Order Waging Business Warfare: Lessons From the Military Masters in Achieving Competitive Superiority

Waging Business Warfare812sCY9edLL._SL1500_

Click on book image to order from Amazon.com

or

http://www.barnesandnoble.com/w/waging-business-warfare-lessons-from-the-military-masters-in-achieving-competetive-superiority-revised-edition-david-rogers/1119079991?ean=2940149284030

 

or

http://www.barnesandnoble.com/w/waging-business-warfare-lessons-from-the-military-masters-in-achieving-competetive-superiority-revised-edition-david-rogers/1119079991?ean=2940149284030

 

 

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Filed under Becoming an Artist, Developing Talent, Human Potential and Achievement, Goals and Purposes, Personal Stories

Origins of My Growing Up Stories

 

The Decision to Plumb My Childhood

David in a leather jacket_copy2We set the dead aside as if we have no use for them. But I wanted to pluck my people out of time, to borrow them from eternity for a little while, to explore their worlds and to finally understand them. I had lived among them, knew their every gesture, had heard them speak so many times, and wondered greatly about them. But I didn’t know who they really were.

I longed to walk through the house in which I grew up and to look out on the street and see the wealth of familiar things that were before me every day in my youth, no sights as dear to me as what I saw from the kingdom of my porch.

I hoped to find as they had been, the people who had populated my world–to be among them again, to feel for them tenderness and pity and regret. I knew that time hadn’t disappeared, but had remained inside me. I realized that if I wanted to be with them, though most had died, I would have to discover them in myself where they still lived.

I wanted to see things as they were before my memories faded, or I died; to recapture the enchanted past; to walk the streets and beaches of my youth whose minutest detail I knew I would find waiting for me. I wanted to hold my father’s hand again, to look into his kind eyes. I wanted to revel in everything–the sounds of familiar voices, the smells of night air, the traces of my mother’s dinner in my mouth, the sight of her trying on a hat; my dead sister Sharon coming up the stairs–all from a time that was so happy.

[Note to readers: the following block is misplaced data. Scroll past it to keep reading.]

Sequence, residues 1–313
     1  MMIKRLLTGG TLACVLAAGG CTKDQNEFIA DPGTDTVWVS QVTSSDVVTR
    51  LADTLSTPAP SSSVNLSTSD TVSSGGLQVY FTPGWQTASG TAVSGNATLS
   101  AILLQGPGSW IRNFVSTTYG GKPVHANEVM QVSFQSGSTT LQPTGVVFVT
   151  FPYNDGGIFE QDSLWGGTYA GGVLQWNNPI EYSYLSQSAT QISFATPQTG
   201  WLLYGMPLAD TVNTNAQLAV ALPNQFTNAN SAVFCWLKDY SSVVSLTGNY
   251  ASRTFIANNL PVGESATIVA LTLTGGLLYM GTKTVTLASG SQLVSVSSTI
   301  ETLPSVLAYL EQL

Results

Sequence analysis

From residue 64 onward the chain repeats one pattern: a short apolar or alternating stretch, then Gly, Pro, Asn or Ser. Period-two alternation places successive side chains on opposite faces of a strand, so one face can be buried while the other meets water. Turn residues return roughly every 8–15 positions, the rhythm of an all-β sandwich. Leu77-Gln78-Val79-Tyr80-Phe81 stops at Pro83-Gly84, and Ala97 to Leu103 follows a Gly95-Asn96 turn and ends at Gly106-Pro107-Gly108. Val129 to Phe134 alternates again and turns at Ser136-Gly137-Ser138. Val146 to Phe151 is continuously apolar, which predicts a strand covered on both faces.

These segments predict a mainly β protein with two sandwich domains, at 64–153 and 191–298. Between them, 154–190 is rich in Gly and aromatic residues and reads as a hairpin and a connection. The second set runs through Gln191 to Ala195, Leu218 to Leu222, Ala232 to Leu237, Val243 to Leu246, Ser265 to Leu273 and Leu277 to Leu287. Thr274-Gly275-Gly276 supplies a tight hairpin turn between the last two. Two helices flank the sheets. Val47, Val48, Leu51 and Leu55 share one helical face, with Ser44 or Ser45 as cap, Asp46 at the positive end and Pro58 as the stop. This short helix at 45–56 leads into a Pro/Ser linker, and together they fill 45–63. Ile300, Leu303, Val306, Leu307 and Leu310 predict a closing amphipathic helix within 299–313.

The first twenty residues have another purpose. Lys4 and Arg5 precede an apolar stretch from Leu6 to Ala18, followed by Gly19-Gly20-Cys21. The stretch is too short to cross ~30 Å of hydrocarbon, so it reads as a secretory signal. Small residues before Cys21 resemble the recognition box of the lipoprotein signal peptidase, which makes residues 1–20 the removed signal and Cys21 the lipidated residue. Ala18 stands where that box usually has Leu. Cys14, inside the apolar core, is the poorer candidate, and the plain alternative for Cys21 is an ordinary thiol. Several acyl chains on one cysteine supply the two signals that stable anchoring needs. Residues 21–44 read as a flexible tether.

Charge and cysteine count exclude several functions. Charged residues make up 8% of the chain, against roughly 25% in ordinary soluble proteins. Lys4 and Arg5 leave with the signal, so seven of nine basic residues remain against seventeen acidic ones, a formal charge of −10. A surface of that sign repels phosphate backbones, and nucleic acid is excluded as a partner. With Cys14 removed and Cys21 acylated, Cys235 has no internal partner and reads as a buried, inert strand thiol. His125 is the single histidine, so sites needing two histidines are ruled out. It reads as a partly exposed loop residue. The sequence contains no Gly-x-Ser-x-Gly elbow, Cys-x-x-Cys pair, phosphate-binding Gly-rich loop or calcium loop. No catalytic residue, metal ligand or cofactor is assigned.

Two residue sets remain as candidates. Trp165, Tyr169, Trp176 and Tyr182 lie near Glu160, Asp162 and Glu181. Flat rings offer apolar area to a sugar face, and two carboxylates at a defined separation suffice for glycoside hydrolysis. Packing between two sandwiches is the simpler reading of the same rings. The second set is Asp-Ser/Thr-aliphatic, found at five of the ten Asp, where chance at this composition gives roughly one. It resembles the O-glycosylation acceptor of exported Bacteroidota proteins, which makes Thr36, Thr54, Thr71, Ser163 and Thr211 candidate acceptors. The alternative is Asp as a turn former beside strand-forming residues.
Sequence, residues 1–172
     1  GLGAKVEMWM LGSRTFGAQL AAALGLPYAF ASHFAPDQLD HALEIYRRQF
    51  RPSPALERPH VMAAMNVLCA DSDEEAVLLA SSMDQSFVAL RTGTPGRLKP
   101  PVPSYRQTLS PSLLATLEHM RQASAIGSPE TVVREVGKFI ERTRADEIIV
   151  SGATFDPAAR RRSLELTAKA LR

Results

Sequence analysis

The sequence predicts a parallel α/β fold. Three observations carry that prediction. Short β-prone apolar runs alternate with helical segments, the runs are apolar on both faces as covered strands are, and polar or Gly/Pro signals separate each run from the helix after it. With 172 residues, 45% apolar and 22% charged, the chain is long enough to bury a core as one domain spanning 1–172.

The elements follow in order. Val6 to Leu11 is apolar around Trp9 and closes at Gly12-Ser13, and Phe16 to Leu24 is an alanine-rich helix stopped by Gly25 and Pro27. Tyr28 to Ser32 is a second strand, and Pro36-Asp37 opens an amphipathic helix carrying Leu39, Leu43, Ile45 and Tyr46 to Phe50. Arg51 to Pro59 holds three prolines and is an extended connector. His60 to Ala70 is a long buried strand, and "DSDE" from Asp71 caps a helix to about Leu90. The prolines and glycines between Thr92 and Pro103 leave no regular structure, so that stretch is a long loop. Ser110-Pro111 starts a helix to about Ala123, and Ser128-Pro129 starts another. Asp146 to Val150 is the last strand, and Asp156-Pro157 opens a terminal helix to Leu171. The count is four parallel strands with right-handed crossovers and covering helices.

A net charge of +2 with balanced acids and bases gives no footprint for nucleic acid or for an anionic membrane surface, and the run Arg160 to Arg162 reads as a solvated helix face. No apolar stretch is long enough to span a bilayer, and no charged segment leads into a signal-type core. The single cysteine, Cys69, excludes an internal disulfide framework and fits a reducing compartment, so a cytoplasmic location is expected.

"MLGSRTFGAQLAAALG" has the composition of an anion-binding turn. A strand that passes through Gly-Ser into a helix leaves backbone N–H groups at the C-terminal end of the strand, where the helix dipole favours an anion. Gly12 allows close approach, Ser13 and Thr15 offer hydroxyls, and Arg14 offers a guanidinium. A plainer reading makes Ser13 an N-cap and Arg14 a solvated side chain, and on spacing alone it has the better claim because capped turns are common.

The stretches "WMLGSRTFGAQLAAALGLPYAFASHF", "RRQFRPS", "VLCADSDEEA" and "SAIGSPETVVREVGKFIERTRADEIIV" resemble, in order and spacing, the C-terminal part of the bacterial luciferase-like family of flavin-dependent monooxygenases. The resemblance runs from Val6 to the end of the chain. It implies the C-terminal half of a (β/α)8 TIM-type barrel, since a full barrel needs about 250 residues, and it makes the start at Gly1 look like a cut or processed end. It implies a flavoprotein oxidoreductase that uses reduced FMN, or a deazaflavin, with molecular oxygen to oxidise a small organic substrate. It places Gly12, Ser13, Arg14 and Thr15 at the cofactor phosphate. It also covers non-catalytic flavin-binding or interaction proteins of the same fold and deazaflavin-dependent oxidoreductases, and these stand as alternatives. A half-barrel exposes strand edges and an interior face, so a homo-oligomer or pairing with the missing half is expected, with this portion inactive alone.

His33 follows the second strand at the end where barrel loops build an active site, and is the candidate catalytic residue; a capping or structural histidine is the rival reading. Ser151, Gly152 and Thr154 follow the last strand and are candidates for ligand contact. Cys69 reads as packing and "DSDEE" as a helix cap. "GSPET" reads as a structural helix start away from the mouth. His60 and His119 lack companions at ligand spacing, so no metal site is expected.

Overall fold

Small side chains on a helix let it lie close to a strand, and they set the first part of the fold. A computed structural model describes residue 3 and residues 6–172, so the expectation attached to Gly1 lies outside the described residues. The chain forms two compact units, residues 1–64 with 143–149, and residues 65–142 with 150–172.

I wanted to reconstruct my life by traveling backwards in time. I hoped to find there the origins of my mistakes, some indications of why I was now a person alone in a house by a field. I wanted my memory to rescue me from this house; to reveal lessons I had forgotten and must learn again that would help sustain me.

And so hour after hour, again and again, I remembered the days and nights of childhood. I remembered what I had experienced myself and what had been told to me. When I came upon something that didn’t make sense to me, and I couldn’t explain, or didn’t remember clearly, or couldn’t possibly know I used my imagination.

At first my remembering was over in a few minutes and was very general. But then I slowed down and remembered in finer and finer detail. Detail is the secret I discovered– details and details of details. Over and over, hour after hour, moving in ever closer, backing up and rethinking until I was satisfied and could say, “Yes, that is how it was when I was young. I have gotten it right.”

I wanted to do this very carefully; to take my time and not be in a hurry. My whole life had been a battle with time, but time doesn’t die absolutely, but remains in memory. The recreation by memory of impressions which later must be transformed is the essence of every work of art.

When my mind was free in time I had the impression that I had entered eternity.

© 2014 David J. Rogers

 

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Filed under Becoming an Artist, Developing Talent, Human Potential and Achievement, Personal Stories